Online social networks are known to be demographically biased. Currently there are questions about what degree of representativity of the physical population they have, and how population biases impact user-generated content. In this paper we focus on centralism, a problem affecting Chile. Assuming that local differences exist in a country, in terms of vocabulary, we built a methodology based on the vector space model to find distinctive content from different locations, and used it to create classifiers to predict whether the content of a micro-post is related to a particular location, having in mind a geographically diverse selection of micro-posts. We evaluate them in a case study where we analyze the virtual population of Chile that participated in the Twitter social network during an event of national relevance: the municipal (local governments) elections held in 2012. We observe that the participating virtual population is spatially representative of the physical population, implying that there is centralism in Twitter. Our classifiers out-perform a non geographically-diverse baseline at the regional level, and have the same accuracy at a provincial level. However, our approach makes assumptions that need to be tested in multi-thematic and more general datasets. We leave this for future work.
Informal HCI: what may students learn from playability issues during a game design workshop? BIBAFull-Text 116-119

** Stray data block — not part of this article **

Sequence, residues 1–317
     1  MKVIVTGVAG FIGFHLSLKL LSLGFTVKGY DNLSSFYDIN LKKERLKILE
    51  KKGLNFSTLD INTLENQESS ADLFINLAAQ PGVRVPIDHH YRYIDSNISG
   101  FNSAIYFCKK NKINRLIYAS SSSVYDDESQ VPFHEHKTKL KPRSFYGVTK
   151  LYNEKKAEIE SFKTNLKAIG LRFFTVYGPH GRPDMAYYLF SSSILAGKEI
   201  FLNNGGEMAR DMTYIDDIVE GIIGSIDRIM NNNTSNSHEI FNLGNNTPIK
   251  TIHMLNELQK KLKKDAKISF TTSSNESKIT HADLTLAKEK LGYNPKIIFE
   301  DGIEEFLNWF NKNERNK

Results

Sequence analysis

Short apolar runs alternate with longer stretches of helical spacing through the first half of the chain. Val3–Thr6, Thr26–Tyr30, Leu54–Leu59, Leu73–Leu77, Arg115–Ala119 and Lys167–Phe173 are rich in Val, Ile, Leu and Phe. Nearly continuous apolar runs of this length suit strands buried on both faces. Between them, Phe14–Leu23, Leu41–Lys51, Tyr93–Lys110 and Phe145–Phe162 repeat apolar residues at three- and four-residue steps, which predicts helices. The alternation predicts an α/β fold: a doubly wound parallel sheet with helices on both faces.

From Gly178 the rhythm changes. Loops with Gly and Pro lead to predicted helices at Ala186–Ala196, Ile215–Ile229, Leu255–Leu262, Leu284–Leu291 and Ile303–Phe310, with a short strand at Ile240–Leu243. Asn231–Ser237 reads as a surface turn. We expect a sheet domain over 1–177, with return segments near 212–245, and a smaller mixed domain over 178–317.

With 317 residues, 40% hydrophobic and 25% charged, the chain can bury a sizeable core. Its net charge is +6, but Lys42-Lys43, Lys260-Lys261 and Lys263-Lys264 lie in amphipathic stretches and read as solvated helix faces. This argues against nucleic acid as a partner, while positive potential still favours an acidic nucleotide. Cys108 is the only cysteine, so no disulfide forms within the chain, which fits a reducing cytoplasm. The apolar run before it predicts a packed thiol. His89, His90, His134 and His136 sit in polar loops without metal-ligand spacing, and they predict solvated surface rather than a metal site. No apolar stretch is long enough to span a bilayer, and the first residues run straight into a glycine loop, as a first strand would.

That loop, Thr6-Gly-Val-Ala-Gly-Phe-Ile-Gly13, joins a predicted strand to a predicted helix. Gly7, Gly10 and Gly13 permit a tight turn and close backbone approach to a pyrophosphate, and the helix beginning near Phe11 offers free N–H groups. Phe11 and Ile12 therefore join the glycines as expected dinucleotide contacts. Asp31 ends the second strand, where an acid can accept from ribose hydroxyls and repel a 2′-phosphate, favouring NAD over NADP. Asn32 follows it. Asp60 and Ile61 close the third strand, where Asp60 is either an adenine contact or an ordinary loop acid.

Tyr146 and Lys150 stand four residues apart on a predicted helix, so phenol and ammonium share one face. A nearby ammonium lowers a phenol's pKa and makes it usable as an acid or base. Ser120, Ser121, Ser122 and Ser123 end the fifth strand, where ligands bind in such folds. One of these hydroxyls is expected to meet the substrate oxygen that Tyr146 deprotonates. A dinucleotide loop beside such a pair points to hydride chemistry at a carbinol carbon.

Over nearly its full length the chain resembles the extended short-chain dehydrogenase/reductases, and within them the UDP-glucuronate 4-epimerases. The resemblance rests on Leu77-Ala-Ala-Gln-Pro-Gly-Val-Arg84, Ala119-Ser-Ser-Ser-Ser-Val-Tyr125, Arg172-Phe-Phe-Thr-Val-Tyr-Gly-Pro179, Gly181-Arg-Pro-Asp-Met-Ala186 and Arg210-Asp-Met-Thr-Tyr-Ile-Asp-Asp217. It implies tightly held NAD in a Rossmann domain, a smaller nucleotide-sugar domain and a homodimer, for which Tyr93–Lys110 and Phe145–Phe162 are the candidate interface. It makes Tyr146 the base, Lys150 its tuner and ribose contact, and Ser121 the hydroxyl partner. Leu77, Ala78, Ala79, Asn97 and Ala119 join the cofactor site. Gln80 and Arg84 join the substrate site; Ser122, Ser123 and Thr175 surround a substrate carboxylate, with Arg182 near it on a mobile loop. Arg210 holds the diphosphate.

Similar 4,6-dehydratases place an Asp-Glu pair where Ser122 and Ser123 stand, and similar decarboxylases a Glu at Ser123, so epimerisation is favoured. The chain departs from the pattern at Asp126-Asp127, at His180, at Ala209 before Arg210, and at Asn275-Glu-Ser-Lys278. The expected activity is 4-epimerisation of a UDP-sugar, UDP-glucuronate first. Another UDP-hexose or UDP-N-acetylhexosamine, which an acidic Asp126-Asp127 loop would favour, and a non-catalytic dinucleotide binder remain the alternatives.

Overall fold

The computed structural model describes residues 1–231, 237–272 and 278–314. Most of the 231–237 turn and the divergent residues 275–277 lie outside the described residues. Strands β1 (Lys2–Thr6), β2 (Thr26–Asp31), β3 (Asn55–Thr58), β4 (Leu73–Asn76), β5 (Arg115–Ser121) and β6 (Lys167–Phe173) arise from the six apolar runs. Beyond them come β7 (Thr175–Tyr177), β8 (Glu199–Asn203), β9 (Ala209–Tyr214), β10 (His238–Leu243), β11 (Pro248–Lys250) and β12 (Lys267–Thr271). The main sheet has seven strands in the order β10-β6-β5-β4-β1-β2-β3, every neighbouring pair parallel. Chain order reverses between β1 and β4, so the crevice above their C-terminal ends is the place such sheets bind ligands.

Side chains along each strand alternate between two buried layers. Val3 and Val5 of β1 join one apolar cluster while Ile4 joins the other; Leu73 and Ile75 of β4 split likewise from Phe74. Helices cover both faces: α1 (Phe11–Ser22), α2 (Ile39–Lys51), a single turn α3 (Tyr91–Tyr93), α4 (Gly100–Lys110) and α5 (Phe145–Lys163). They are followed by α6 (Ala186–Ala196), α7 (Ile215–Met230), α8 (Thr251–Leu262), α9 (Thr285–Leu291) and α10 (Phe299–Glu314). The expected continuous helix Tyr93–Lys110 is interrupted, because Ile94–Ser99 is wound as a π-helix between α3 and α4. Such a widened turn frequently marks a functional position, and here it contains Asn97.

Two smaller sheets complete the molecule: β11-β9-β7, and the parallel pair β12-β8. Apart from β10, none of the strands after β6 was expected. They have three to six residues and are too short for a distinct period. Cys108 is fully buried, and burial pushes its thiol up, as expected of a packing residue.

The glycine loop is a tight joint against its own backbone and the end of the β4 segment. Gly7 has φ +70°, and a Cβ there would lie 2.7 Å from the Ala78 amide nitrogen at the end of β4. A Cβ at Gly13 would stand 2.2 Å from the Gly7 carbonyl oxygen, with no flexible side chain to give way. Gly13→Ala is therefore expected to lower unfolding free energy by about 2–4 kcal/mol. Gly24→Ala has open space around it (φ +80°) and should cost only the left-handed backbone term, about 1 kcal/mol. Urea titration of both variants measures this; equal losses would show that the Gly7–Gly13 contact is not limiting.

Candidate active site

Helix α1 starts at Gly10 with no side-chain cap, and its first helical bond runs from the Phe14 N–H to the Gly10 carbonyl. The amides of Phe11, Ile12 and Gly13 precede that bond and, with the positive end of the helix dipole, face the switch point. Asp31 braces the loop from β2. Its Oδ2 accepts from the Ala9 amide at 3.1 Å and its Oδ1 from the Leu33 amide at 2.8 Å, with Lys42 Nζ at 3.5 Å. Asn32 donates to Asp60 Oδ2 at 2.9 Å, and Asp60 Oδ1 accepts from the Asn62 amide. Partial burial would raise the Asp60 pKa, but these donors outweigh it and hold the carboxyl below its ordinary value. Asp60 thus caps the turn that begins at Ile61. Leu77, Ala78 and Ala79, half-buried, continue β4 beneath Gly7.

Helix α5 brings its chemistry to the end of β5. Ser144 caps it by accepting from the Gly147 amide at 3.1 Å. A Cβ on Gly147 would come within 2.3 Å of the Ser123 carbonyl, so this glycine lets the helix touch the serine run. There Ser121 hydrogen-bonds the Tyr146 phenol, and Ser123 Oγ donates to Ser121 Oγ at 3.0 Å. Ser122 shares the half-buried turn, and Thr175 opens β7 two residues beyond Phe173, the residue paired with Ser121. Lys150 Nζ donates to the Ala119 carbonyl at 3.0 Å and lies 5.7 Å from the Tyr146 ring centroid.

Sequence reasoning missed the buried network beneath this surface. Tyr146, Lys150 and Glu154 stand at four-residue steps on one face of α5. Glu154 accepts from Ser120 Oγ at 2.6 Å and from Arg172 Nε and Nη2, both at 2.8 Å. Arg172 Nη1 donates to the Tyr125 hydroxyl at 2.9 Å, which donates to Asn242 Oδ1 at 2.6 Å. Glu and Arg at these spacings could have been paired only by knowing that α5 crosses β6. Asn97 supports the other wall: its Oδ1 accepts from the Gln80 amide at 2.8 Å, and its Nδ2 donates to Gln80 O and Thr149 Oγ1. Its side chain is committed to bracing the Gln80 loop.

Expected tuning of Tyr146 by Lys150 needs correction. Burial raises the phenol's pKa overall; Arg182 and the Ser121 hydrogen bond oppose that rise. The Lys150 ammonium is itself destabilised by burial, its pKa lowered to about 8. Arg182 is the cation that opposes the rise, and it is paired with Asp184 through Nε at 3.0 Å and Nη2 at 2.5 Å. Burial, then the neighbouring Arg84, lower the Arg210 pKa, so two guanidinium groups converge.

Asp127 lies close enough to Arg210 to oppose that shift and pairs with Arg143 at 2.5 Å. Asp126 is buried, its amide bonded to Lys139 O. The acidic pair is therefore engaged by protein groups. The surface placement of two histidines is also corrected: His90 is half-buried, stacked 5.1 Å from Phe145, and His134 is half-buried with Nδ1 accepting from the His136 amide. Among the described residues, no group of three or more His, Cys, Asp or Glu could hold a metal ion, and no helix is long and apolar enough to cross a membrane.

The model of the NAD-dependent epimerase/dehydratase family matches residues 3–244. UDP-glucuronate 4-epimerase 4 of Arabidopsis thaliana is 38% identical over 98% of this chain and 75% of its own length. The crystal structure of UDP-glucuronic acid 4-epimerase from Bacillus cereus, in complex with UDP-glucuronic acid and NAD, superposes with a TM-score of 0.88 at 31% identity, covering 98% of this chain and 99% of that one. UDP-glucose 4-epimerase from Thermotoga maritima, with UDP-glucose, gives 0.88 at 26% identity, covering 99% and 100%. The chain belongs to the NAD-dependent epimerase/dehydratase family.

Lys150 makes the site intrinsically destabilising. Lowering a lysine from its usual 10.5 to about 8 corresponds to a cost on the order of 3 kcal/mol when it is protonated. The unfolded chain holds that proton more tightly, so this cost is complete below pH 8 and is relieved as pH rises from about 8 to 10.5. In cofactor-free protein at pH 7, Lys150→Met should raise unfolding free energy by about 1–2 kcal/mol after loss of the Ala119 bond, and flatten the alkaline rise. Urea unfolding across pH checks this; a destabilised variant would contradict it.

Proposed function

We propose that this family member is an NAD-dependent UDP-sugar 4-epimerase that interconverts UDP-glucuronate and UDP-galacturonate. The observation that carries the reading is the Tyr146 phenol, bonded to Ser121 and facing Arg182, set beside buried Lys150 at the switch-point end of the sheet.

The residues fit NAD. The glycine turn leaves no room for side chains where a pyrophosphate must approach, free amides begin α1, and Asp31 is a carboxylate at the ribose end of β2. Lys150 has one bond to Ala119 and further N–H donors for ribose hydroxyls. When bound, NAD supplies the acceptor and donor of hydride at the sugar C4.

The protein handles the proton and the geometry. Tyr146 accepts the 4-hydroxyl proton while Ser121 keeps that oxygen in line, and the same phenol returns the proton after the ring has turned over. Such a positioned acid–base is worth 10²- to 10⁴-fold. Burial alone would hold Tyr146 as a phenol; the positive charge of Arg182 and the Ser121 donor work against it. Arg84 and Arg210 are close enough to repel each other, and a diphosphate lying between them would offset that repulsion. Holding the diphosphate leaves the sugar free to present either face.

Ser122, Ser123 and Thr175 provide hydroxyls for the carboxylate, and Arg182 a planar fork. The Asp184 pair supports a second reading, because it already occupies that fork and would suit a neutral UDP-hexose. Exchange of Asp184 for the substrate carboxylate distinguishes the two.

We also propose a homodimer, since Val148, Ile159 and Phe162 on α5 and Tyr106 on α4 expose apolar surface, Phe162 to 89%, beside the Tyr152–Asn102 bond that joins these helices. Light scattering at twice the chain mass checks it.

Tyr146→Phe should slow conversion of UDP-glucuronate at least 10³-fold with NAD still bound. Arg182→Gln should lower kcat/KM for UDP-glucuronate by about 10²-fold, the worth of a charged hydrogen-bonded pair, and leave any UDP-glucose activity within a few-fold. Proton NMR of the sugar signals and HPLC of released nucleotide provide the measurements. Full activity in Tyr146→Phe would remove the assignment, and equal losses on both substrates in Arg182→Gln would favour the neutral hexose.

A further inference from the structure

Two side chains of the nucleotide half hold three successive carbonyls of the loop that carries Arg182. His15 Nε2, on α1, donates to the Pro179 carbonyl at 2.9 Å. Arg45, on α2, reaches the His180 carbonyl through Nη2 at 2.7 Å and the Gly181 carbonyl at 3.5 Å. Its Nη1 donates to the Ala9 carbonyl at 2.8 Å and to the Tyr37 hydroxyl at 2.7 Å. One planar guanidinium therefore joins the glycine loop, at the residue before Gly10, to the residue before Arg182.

Thiago Barcelos; Geiza Costa; Roberto Muñoz; René Noël; Ismar Silveira
Human-Computer Interaction topics have been previously used to motivate and attract students to the field of Computer Science. However, as students are growing up in contact with several interactive computational devices, one could suspect that they already possess an empirical, informal knowledge about the quality of some types of human-computer interfaces. In order to test this hypothesis, we developed a Game Design Workshop to be offered to high school students. Based on the results of its first offering, we identified that issues related to displaying the game status and score, response time of controls and graphical and sound features were quite relevant to students. Students added additional features to solve those issues in a spontaneous way. An analysis of the developed games indicates that students had to learn and apply new concepts related to programming in order to implement the additional features.